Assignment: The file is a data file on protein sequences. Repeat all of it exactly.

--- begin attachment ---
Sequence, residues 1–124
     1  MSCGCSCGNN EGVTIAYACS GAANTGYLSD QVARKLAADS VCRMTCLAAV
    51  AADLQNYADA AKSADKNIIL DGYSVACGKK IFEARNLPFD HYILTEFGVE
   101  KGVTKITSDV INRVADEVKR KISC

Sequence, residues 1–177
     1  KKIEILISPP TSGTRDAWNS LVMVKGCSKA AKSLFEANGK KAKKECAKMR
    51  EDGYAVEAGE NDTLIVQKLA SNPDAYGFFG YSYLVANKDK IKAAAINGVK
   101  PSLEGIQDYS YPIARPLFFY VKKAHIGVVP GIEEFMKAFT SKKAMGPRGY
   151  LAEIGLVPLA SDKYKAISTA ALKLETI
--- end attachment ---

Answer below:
Sequence, residues 1–124
     1  MSCGCSCGNN EGVTIAYACS GAANTGYLSD QVARKLAADS VCRMTCLAAV
    51  AADLQNYADA AKSADKNIIL DGYSVACGKK IFEARNLPFD HYILTEFGVE
   101  KGVTKITSDV INRVADEVKR KISC

Sequence, residues 1–177
     1  KKIEILISPP TSGTRDAWNS LVMVKGCSKA AKSLFEANGK KAKKECAKMR
    51  EDGYAVEAGE NDTLIVQKLA SNPDAYGFFG YSYLVANKDK IKAAAINGVK
   101  PSLEGIQDYS YPIARPLFFY VKKAHIGVVP GIEEFMKAFT SKKAMGPRGY
   151  LAEIGLVPLA SDKYKAISTA ALKLETI